What is Inclusive Learning and Teaching?

Posted by Josh Young on 21 March 2017 |

inclusive learning teachingWhile census predictions anticipate that there will be no clear racial majority in the United States by 2050, this reality is already materializing in the education system. According to the National Center for Education Statistics (NCES), as of 2014, white students represent less than 50 percent of the population in elementary and secondary public schools. In fact, the total number of white students is anticipated to drop between 2013 and 2025 by roughly 3 million.

With these changes are occurring in the lower levels of education, it is only a matter of time before these shifting demographics become a reality in higher education as well.

While the most recent NCES data available is a few years old, it highlights the ongoing trend to a more diverse college campus. As it stands, college enrollment is:

  • 44 percent male
  • 56 percent female
  • 17 percent Hispanic
  • 7 percent Asian/Pacific Islander
  • 14 percent black
  • >1 percent American Indian/Alaskan Native
  • 58 percent white
  • 5 percent non-resident alien
  • 11 percent disabled

A New Approach to Teaching

To respond to the varied student population, colleges and universities have made inclusive teaching a priority for their classrooms. So what is inclusive teaching?

The Center for Teaching Excellence at Cornell University defines inclusive teaching as "any number of teaching approaches that address the needs of students with a variety of backgrounds, learning styles, and abilities. These strategies contribute to an overall inclusive learning environment, in which students feel equally valued."

This educational approach can manifest in a variety of ways. For example, in pursuit of more inclusive teaching, Plymouth University distributed iPads to all of its undergraduate students. The accessibility features of the devices were able to address the varied needs of students with disabilities who needed access to course materials.

Similarly, after the school recognized higher percentages of disabled, non-traditional and foreign students in its marine biology program, it instituted a number of course changes including an extra orientation day, a peer-driven tutoring program and more available lab resources.

How Can Your Campus Promote Inclusive Learning?

Encourage open discussions

One of the critical elements of creating an inclusive learning environment is providing every student with an opportunity for their voice to be heard. Of course, with an increasing diversity of opinions and backgrounds, these discussions also open the door to increased disagreement and tension.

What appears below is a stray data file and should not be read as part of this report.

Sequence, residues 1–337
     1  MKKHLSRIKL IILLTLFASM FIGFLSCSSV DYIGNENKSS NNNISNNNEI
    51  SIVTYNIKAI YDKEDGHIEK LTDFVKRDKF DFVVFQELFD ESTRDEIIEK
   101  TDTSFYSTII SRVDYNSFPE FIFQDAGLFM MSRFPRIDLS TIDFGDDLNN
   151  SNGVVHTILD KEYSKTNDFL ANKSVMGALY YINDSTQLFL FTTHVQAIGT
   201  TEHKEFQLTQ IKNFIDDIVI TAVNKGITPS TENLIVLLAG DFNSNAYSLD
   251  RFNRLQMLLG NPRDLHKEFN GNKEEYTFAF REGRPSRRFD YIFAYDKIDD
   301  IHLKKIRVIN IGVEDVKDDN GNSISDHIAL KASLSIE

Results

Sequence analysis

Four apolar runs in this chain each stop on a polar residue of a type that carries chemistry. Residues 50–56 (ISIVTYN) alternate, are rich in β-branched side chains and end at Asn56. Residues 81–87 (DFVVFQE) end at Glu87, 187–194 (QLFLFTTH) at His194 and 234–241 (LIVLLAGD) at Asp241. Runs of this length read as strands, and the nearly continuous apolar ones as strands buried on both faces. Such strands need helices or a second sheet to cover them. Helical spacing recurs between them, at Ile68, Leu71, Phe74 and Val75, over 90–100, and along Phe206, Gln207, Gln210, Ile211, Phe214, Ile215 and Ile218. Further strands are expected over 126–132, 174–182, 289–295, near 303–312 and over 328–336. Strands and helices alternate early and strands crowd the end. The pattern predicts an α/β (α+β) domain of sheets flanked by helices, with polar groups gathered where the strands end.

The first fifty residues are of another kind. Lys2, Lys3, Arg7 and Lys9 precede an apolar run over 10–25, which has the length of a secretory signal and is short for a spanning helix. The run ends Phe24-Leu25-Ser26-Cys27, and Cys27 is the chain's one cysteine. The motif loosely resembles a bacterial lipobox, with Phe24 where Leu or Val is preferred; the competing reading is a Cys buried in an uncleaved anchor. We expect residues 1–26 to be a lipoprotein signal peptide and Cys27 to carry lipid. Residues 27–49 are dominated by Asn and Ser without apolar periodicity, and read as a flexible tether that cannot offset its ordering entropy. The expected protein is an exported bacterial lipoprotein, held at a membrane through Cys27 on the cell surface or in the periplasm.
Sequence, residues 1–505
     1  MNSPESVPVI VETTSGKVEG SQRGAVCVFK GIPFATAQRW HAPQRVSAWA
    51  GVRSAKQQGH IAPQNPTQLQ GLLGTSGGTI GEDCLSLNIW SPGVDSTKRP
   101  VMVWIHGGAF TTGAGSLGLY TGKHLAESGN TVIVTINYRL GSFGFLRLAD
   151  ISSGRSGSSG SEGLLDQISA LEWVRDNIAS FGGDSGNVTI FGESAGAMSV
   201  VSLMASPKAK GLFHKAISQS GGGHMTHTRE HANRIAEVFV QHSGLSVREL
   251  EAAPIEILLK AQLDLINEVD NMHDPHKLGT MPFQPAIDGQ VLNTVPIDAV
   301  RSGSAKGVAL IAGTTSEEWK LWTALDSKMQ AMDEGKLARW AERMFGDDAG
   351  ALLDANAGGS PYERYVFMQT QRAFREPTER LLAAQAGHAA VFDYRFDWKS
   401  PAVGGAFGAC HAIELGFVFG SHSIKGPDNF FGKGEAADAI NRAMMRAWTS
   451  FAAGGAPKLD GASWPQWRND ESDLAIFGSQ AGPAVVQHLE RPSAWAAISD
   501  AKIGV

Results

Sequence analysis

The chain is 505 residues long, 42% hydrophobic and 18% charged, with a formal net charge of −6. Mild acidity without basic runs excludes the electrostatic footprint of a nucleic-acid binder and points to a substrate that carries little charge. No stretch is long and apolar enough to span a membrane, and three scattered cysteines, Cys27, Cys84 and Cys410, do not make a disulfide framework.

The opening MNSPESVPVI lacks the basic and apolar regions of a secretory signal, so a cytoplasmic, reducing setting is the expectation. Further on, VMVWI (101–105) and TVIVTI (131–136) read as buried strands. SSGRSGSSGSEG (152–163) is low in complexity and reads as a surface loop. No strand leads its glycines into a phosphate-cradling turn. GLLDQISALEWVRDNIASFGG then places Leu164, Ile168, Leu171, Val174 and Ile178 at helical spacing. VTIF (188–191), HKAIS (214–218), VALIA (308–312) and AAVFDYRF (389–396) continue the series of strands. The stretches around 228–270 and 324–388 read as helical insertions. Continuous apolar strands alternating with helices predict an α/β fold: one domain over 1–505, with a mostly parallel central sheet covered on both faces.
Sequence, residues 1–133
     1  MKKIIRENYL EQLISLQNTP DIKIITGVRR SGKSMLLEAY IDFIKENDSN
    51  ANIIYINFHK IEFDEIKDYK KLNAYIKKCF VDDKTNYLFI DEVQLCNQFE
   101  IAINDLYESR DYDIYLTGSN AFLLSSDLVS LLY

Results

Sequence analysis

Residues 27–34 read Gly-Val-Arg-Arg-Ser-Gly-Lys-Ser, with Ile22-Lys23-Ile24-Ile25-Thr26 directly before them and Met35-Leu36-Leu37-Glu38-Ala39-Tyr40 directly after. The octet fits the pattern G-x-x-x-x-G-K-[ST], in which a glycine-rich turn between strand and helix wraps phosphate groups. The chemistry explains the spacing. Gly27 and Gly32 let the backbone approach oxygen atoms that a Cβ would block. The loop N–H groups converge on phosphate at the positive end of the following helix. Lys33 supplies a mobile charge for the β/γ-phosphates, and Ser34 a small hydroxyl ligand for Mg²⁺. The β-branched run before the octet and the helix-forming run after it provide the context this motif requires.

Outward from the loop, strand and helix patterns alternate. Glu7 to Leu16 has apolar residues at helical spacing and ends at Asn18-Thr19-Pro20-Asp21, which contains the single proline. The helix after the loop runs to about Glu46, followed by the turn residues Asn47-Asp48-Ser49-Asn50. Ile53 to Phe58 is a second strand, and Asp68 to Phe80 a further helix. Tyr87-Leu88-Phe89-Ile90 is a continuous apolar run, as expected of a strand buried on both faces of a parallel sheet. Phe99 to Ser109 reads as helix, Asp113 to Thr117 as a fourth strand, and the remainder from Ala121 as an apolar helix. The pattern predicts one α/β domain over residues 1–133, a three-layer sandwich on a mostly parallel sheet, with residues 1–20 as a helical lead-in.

To promote honest, open conversations, establish clear ground rules for any classroom discussions, outlining expectations for civility and student behavior. Identify who is allowed to speak and when they can do it. Also, clearly communicate to students that the classroom is a safe space to ask questions and make mistakes.

Reevaluate your curricula

Encourage your faculty to regularly review the resources and materials they use in their classrooms. Do the texts and topics they cover adequately reflect the diverse nature of your campus? Are classroom examples or illustrations varied, or do they always reflect the "default" student experience?

Accommodate disabled students

Per federal guidelines, your campus is more than likely required to provide a number of services to students with disabilities. However, campuses can create a more inclusive environment by proactively considering the needs of these students before they request assistance.

For example, a number of students' disabilities are related to sensory impairments, so you can encourage staff to offer alternative examples and illustrations that aren't exclusively dependent on sight or hearing.

Offer diversity training

Provide seminars and education sessions to student and faculty to help create a culture of inclusion on campus. Ideally, this training will provide attendees with real-world tools and strategies to foster respectful communication across culture, race, gender, age, and ability. At the same time, effective diversity training will also help learners identify and mitigate their own unconscious biases.

Conclusion

There is no such thing as a fully inclusive classroom. It is impossible for your campus to meet all of the unique needs of every student every time. However, in treating your students as individuals and providing flexibility to your faculty, you can foster a culture of diversity and inclusivity on your campus and encourage a healthier, more well-rounded education for all of your students.

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